Alister McGrath (born 1953): Prolific Anglican theologian who has written on the relationship between science and theology in A Scientific Theology. McGrath holds two doctorates from the University of Oxford, a DPhil in Molecular Biophysics and a Doctor of Divinity in Theology. He has responded to the new atheists in several books, i.e. The Dawkins Delusion?. As of early 2014, McGrath will be the New Andreas Idreos Professor of Science and Religion at Oxford.
Kenneth R. Miller (born 1948): Biology professor at Brown University who wrote Finding Darwin's God ISBN 0-06-093049-7.
Simon C. Morris (born 1951): British paleontologist who made his reputation through study of the Burgess Shale fossils. He was the co-winner of a Charles Doolittle Walcott Medal and also won a Lyell Medal. He is active in the Faraday Institute for study of science and religion and is also noted on discussions concerning the idea of theistic evolution.
William Newsome (born 19??): Bill Newsome is a neuroscientist at Stanford University. A member of the National Academy of Sciences, Newsome is the co-chair of the BRAIN Initiative, "a rapid planning effort for a ten-year assault on how the brain works." Newsome is also a Christian and has written about his faith: "When I discuss religion with my fellow scientists...I realize I am an oddity — a serious Christian and a respected scientist."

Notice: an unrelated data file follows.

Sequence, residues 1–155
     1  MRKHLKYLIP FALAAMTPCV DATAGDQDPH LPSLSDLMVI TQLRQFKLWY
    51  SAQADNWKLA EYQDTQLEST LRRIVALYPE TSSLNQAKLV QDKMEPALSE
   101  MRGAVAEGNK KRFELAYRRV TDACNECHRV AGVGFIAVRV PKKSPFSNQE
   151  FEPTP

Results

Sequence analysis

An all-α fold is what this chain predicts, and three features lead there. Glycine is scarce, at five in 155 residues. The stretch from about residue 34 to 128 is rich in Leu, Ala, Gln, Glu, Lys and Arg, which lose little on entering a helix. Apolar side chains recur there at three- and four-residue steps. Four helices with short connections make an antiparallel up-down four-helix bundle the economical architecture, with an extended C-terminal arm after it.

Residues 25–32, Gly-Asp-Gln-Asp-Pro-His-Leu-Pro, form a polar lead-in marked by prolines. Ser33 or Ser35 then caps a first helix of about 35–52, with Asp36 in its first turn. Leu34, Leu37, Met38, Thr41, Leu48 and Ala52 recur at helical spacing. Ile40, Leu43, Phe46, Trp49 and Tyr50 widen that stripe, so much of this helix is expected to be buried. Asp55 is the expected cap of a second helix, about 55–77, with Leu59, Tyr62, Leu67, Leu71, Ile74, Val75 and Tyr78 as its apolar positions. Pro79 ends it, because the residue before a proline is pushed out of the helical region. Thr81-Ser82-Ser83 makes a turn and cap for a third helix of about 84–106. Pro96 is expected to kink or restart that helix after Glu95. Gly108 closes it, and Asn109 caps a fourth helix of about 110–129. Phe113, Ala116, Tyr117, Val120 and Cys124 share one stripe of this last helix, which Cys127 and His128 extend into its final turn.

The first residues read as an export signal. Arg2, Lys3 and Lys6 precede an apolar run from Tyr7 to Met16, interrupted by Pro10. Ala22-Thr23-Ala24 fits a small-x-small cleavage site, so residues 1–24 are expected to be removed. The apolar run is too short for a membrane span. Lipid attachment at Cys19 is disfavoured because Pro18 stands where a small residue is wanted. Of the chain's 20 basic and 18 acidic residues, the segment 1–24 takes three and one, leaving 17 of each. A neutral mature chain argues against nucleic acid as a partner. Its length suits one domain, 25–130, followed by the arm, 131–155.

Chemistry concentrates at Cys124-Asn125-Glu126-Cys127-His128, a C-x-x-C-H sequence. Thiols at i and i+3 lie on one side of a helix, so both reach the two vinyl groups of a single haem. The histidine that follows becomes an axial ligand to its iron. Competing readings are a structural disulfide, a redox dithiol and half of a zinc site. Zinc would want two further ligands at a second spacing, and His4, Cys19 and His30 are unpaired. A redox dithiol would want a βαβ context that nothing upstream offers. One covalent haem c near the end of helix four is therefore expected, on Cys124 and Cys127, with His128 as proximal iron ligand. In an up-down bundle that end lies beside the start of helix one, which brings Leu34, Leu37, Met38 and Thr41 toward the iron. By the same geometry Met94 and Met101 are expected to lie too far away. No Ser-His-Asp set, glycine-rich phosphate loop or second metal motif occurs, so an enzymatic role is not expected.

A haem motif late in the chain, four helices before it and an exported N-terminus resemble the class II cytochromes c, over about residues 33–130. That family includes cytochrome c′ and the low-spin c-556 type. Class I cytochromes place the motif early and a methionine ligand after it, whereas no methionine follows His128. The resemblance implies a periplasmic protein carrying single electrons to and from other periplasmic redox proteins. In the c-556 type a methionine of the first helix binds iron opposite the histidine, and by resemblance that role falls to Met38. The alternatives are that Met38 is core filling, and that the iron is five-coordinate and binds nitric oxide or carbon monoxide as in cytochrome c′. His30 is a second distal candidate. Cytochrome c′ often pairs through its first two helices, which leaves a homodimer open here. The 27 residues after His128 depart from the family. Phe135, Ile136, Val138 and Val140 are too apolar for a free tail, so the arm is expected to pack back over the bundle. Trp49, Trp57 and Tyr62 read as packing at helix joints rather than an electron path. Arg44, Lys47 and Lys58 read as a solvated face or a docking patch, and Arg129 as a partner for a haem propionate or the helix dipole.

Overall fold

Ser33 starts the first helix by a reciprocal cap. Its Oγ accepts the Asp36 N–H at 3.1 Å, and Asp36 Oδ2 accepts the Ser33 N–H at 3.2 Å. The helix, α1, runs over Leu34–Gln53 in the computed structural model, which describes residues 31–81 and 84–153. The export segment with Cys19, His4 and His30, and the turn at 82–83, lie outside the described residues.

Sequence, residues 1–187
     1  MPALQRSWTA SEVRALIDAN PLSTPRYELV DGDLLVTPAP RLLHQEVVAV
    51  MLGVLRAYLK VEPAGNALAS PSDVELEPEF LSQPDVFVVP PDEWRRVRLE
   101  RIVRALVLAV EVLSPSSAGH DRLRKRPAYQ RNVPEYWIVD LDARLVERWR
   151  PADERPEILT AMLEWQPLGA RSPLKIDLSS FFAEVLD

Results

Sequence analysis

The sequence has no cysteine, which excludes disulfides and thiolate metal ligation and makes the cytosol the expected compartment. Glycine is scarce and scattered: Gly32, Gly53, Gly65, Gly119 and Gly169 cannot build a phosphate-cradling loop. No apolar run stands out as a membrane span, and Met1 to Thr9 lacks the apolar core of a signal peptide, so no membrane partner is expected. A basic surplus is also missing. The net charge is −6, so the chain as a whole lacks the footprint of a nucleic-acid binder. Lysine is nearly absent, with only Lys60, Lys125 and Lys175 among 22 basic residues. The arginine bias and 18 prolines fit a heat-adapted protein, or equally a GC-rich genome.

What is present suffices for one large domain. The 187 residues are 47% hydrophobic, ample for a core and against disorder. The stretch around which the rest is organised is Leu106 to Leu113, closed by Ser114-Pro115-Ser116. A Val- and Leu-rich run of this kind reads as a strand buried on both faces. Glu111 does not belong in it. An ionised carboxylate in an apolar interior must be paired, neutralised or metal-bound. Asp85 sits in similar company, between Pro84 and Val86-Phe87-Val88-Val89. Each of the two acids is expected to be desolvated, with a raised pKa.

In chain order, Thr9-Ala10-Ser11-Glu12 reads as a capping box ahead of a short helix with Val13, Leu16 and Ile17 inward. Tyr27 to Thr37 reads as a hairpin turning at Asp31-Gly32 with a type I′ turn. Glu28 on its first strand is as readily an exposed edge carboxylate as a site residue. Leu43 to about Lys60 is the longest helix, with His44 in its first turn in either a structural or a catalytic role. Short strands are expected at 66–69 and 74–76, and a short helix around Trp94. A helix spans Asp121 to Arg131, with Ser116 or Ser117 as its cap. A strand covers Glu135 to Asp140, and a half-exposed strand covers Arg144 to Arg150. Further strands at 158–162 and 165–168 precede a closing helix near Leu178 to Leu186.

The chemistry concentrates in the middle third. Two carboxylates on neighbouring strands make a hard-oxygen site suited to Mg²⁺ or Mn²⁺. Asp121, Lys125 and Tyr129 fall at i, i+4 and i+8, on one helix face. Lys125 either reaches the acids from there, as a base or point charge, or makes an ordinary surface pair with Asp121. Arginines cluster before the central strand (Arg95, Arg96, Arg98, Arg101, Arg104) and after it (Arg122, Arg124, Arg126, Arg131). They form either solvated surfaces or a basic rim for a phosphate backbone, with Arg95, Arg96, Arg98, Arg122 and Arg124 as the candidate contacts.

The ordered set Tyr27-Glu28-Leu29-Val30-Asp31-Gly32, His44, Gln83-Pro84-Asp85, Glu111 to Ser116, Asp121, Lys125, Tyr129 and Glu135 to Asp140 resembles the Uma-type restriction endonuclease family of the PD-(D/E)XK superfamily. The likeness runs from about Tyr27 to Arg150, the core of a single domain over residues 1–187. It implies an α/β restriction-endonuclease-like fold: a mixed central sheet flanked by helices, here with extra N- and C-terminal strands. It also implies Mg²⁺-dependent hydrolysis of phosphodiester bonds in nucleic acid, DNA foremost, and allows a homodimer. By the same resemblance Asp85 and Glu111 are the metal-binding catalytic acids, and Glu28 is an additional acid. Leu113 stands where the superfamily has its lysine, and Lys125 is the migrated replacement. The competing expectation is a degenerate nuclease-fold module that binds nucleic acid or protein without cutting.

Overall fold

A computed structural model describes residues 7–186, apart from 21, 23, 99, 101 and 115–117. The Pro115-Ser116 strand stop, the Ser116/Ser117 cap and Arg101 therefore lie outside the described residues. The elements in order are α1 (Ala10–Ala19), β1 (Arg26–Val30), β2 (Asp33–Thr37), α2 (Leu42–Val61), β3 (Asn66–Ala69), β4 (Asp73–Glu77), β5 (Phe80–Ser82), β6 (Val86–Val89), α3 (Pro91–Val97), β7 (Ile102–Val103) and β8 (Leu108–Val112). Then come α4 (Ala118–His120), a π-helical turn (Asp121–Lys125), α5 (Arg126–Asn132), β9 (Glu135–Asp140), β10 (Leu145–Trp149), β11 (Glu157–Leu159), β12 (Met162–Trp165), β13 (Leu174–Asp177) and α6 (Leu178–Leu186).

Martin Nowak (born 1965): Evolutionary biologist and mathematician best known for evolutionary dynamics. He teaches at Harvard University, which is pictured in an old drawing.
Ghillean Prance (born 1937): Noted botanist involved in the Eden Project. He is also the current President of Christians in Science.
Joan Roughgarden (born 1946): An evolutionary biologist who has taught at Stanford University since 1972. She wrote the book Evolution and Christian Faith: Reflections of an Evolutionary Biologist.
Mary Higby Schweitzer (born 19??): paleontologist at North Carolina State University who believes strongly in the synergy of the Christian faith and the truth of empirical science.
I just don't think in any practical manner being religous is seriously harmful.